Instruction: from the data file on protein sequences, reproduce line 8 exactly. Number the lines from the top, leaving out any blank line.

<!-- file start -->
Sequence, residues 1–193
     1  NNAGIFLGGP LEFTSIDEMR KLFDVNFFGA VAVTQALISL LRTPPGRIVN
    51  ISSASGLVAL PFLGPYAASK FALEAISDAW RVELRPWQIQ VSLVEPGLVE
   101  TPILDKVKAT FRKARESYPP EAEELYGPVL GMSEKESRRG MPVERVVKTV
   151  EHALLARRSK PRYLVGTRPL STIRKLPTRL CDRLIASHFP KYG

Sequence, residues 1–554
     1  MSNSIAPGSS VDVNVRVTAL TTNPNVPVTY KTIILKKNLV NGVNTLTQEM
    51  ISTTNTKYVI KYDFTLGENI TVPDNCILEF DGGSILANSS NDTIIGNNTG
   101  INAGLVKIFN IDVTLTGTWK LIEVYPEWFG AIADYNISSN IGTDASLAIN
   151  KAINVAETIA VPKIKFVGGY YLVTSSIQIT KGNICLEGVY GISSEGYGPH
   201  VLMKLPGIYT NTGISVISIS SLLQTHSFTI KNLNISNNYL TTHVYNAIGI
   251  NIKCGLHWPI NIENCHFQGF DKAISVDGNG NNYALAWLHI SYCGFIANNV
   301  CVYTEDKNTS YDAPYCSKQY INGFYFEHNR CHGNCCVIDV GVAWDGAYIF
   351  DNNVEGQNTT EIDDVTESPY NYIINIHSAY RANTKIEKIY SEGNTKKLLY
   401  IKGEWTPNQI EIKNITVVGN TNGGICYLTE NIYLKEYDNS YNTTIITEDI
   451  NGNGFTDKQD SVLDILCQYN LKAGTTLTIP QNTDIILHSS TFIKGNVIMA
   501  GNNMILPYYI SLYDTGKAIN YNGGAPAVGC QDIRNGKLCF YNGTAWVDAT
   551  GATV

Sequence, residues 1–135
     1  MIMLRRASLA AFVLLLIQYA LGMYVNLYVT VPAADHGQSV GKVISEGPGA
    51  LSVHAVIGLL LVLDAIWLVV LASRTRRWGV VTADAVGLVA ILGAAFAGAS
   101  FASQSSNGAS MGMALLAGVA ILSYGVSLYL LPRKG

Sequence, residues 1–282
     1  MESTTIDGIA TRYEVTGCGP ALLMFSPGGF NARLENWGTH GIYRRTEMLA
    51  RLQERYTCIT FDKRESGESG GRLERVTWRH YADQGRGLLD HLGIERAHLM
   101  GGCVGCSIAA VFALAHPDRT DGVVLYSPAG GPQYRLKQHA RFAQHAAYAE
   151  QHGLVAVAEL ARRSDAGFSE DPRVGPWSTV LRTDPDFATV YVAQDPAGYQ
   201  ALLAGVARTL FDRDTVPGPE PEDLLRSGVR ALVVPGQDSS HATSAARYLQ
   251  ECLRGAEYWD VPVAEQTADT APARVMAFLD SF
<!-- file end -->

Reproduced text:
    51  ISTTNTKYVI KYDFTLGENI TVPDNCILEF DGGSILANSS NDTIIGNNTG